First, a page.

According to the New York Times reports, Motorola Mobility has told employees it plans to slash 20 percent of its workforce and shut down nearly a third of its offices worldwide.
Google also plans to use the company to better their own Android-powered smartphones and tablets. “We’re excited about the smartphone business,” said Mr. Dennis Woodside, Motorola's new executive. “The Google business is built on a wired model, and as the world moves to a pretty much completely wireless model over time, it’s really going to be important for Google to understand everything about the mobile consumer.”
The company, started in 1928 in Chicago, unveiled the first commercial cellphone in 1973. By 2004, it looked as if Motorola could again lead the cellphone industry when it introduced the popular Razr.
But Apple and Samsung won consumers’ hearts with the more exciting iPhone and Galaxy phones. Motorola Mobility which split last year from Motorola Solutions, the division that makes devices like police radios lost $233 million in its first six weeks under Google. The phone business has been unprofitable for 14 of the last 16 quarters. The $12.5 billion acquisition, which took place in May, was made partly due to Motorola's impressive 17,000 patent portfolio.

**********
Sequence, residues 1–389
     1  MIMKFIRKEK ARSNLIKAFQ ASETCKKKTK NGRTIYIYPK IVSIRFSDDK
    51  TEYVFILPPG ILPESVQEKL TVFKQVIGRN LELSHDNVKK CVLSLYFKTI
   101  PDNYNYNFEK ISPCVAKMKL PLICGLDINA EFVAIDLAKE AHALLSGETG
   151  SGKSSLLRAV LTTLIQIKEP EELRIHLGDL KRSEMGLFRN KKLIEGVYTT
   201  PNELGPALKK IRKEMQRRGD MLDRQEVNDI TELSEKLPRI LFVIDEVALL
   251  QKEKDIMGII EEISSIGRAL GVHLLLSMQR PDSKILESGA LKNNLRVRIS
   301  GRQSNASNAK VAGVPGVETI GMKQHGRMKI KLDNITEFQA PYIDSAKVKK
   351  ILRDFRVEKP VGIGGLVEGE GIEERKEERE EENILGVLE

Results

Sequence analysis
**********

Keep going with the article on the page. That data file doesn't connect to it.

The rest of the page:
The Revamp plan
The new executive of Motorola plans to slice the number of mobile devices Motorola produces. Woodside feels that developing 'cooler' features on a small number of phones and improving their quality will do more to shore up the ailing company than producing a large number of phones.
Some of the features may include voice-recognition sensors and batteries that last for several days.
Towards this goal, Google has created a group called Advanced Technology and Projects within the company, made of just a few dozen people. Regina Dugan, formerly of DARPA, will be running the scheme.
"Motorola is committed to helping them (the employees) through this difficult transition and will be providing generous severance packages, as well as outplacement services to help people find new jobs," the Google spokeswoman said.